Saturday, June 14, 2008

MOVIE: The Happening

I have readily confessed to being an M. Night Shyamalan fan. a) He made Unbreakable (a movie about comics before comics were cool,) b) He actually surprised me in The Sixth Sense, and c) his name sounds really cool if you say it quickly,

So it was with high expectations that I revisited Mr. Shyamalan's work and put down $5 of my hard earned loot to see his latest project: M. Night Shyamalan’s The Happening.

Here's the short review: It should have been named: M. Night Shyamalan’s The CRAPppening. Would-be viewers should save their $5, money better spent on a Taco Bell cheesy double beef burrito. Not a good date flick. Not something anyone should expose their children to. Possibly the last nail in a once-entertain and brilliant man's coffin.

Following a rant, is my long review.

First, the rant. Nothing makes my stomach churn like the smell of an overflowing Port-O-Let in the middle of a Mississippi summer, EXCEPT the assertions of "Intelligent Design." The teleological argument is that organic life as we know it is so complex and exact in purpose that it (ie: "life") could not come about randomly, through some chaotic "theory of evolution." Nay, brother. Nay, I say. It had to be created by an "Intelligent Designer," with a purpose in mind. Right? Fundamentally, Intelligent Design replaces Nature (capital "N") with God (capital "G.")

Now, the review. M. Night Shyamalan’s The CRAPppening is a poorly disguised Trojan Horse filled with Intelligent Design invaders. Marky Mark isn't on the screen for two minutes before his character (Elliot Moore) proclaims to his young students that evolution "is just a theory." And, of course, he drags out the already-cliche-argument "acts of nature can never be fully explained." And the movie does not get any better from there.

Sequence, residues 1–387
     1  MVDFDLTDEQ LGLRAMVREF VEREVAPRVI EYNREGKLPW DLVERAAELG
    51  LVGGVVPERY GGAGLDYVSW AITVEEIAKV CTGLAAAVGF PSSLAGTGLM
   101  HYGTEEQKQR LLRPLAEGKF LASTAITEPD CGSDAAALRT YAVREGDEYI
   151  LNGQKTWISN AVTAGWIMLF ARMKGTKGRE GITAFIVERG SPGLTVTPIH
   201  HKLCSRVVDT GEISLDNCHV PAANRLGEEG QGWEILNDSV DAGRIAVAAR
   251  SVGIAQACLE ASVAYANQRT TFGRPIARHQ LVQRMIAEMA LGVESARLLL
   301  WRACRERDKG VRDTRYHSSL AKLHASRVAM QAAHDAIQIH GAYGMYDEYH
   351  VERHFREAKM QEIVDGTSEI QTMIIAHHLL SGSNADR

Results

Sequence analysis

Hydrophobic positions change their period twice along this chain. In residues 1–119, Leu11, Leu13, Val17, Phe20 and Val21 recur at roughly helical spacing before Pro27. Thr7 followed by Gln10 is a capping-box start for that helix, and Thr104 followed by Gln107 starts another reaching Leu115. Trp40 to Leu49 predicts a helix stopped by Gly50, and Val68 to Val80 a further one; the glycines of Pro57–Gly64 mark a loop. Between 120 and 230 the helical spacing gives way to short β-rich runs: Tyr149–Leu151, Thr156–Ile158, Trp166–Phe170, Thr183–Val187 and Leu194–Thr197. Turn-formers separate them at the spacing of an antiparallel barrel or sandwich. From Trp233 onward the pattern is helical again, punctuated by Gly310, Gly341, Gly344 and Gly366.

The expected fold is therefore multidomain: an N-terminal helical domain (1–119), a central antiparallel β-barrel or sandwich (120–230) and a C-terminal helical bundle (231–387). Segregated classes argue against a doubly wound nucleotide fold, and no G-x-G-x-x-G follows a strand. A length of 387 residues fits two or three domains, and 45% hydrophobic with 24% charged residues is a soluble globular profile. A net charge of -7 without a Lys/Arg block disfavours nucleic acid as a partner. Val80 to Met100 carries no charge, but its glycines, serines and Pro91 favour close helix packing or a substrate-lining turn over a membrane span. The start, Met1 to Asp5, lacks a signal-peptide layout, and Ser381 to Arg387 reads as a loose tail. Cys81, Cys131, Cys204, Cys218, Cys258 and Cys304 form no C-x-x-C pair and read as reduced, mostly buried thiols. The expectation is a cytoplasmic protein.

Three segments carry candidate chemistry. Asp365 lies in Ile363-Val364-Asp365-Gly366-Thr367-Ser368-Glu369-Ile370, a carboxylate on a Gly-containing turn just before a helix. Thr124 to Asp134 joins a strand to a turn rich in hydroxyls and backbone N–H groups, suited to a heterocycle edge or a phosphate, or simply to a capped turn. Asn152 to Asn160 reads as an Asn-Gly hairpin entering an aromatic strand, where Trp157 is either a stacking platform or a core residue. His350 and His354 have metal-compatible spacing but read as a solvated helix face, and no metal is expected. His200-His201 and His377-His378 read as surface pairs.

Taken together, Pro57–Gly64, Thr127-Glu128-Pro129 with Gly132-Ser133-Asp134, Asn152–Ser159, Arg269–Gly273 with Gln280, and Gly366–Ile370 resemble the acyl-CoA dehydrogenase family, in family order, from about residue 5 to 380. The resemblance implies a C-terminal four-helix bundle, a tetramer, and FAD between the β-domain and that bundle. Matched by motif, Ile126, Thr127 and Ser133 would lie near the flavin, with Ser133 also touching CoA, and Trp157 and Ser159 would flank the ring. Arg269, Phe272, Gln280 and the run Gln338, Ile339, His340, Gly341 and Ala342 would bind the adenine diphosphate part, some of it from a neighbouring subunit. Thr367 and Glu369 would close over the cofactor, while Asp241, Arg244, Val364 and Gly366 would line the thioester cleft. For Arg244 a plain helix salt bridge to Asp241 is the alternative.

I'll concede that there are some clever scenes of dead people. And scenes of living people becoming dead people.

There is an interesting idea lingering through out the film about Nature's ability to defend itself. Until I realize the allegory is that offending Nature is actually offending God, and Nature's wrath (in the form of a mighty, unstoppable, and inescapable wind) is actually God's wrath.

And there are a couple of humorous moments, mainly centered around a potentially crazy botanist and his wieners.

But the movie does even remotely approach its true potential. It doesn't show the collapse of society in any grand scope. It doesn't reveal any ghastly details of the supposed damage being done to Nature. It doesn't suggest any unusual or insightful cures to the repair the harm we've inflicted.

After the first scene of the Jews fleeing Egypt, I mean the characters escaping New York, the writing is predicable and boring. The dialog is useless and unsurprising. The limited special effects aren't able to support the rest of the movie's shortcomings. And the amazingly diverse collective of rapidly dwindling protagonists neither says nor does anything to make their soon-to-be-snuffed lives memorable. Nothing the characters say or do matters between the beginning and the end of the movie. They may as well just stood in place, saying nothing for an hour and some change. I would have been equally bored.

And, M. Night Shyamalan doesn't even give me the courtesy of a reacharound by providing some kind of mind-altering twist at the end. No, he doesn't. "Events like this, just... end... suddenly," he tells me. And the event ends.

But M. Night Shyamalan’s The CRAPppening doesn't end soon enough.

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